[python] Stripping non printable characters from a string in python

I use to run

$s =~ s/[^[:print:]]//g;

on Perl to get rid of non printable characters.

In Python there's no POSIX regex classes, and I can't write [:print:] having it mean what I want. I know of no way in Python to detect if a character is printable or not.

What would you do?

EDIT: It has to support Unicode characters as well. The string.printable way will happily strip them out of the output. curses.ascii.isprint will return false for any unicode character.

This question is related to python string non-printable

The answer is


The best I've come up with now is (thanks to the python-izers above)

def filter_non_printable(str):
  return ''.join([c for c in str if ord(c) > 31 or ord(c) == 9])

This is the only way I've found out that works with Unicode characters/strings

Any better options?


Adapted from answers by Ants Aasma and shawnrad:

nonprintable = set(map(chr, list(range(0,32)) + list(range(127,160))))
ord_dict = {ord(character):None for character in nonprintable}
def filter_nonprintable(text):
    return text.translate(ord_dict)

#use
str = "this is my string"
str = filter_nonprintable(str)
print(str)

tested on Python 3.7.7


You could try setting up a filter using the unicodedata.category() function:

import unicodedata
printable = {'Lu', 'Ll'}
def filter_non_printable(str):
  return ''.join(c for c in str if unicodedata.category(c) in printable)

See Table 4-9 on page 175 in the Unicode database character properties for the available categories


To remove 'whitespace',

import re
t = """
\n\t<p>&nbsp;</p>\n\t<p>&nbsp;</p>\n\t<p>&nbsp;</p>\n\t<p>&nbsp;</p>\n\t<p>
"""
pat = re.compile(r'[\t\n]')
print(pat.sub("", t))

The following will work with Unicode input and is rather fast...

import sys

# build a table mapping all non-printable characters to None
NOPRINT_TRANS_TABLE = {
    i: None for i in range(0, sys.maxunicode + 1) if not chr(i).isprintable()
}

def make_printable(s):
    """Replace non-printable characters in a string."""

    # the translate method on str removes characters
    # that map to None from the string
    return s.translate(NOPRINT_TRANS_TABLE)


assert make_printable('Café') == 'Café'
assert make_printable('\x00\x11Hello') == 'Hello'
assert make_printable('') == ''

My own testing suggests this approach is faster than functions that iterate over the string and return a result using str.join.


You could try setting up a filter using the unicodedata.category() function:

import unicodedata
printable = {'Lu', 'Ll'}
def filter_non_printable(str):
  return ''.join(c for c in str if unicodedata.category(c) in printable)

See Table 4-9 on page 175 in the Unicode database character properties for the available categories


As far as I know, the most pythonic/efficient method would be:

import string

filtered_string = filter(lambda x: x in string.printable, myStr)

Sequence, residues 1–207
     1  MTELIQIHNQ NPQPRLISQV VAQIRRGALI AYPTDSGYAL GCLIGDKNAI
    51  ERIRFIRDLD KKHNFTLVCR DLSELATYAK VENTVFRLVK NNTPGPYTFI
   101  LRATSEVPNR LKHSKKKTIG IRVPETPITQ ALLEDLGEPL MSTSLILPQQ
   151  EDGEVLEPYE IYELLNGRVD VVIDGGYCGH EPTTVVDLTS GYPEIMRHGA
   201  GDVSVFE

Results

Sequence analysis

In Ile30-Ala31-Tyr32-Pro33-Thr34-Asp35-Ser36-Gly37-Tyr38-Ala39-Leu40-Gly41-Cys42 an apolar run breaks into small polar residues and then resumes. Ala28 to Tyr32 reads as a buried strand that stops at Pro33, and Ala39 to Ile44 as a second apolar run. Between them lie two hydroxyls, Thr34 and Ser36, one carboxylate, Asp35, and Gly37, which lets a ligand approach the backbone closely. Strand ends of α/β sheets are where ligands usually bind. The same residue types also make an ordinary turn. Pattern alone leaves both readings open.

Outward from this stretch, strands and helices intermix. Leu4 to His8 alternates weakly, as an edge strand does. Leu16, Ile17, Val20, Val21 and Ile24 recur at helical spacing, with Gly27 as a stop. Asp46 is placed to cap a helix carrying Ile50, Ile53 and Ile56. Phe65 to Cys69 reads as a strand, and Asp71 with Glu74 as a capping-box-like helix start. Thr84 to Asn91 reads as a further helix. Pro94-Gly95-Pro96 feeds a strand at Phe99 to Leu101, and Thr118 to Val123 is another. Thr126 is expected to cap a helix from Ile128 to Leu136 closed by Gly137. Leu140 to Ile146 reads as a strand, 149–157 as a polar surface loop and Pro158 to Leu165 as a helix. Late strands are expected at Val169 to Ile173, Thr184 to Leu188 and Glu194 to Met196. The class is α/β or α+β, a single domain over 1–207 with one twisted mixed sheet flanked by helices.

To remove 'whitespace',

import re
t = """
\n\t<p>&nbsp;</p>\n\t<p>&nbsp;</p>\n\t<p>&nbsp;</p>\n\t<p>&nbsp;</p>\n\t<p>
"""
pat = re.compile(r'[\t\n]')
print(pat.sub("", t))

The following will work with Unicode input and is rather fast...

import sys

# build a table mapping all non-printable characters to None
NOPRINT_TRANS_TABLE = {
    i: None for i in range(0, sys.maxunicode + 1) if not chr(i).isprintable()
}

def make_printable(s):
    """Replace non-printable characters in a string."""

    # the translate method on str removes characters
    # that map to None from the string
    return s.translate(NOPRINT_TRANS_TABLE)


assert make_printable('Café') == 'Café'
assert make_printable('\x00\x11Hello') == 'Hello'
assert make_printable('') == ''

My own testing suggests this approach is faster than functions that iterate over the string and return a result using str.join.


In Python there's no POSIX regex classes

There are when using the regex library: https://pypi.org/project/regex/

It is well maintained and supports Unicode regex, Posix regex and many more. The usage (method signatures) is very similar to Python's re.

From the documentation:

[[:alpha:]]; [[:^alpha:]]

POSIX character classes are supported. These are normally treated as an alternative form of \p{...}.

(I'm not affiliated, just a user.)


The best I've come up with now is (thanks to the python-izers above)

def filter_non_printable(str):
  return ''.join([c for c in str if ord(c) > 31 or ord(c) == 9])

This is the only way I've found out that works with Unicode characters/strings

Any better options?


Based on @Ber's answer, I suggest removing only control characters as defined in the Unicode character database categories:

import unicodedata
def filter_non_printable(s):
    return ''.join(c for c in s if not unicodedata.category(c).startswith('C'))

You could try setting up a filter using the unicodedata.category() function:

import unicodedata
printable = {'Lu', 'Ll'}
def filter_non_printable(str):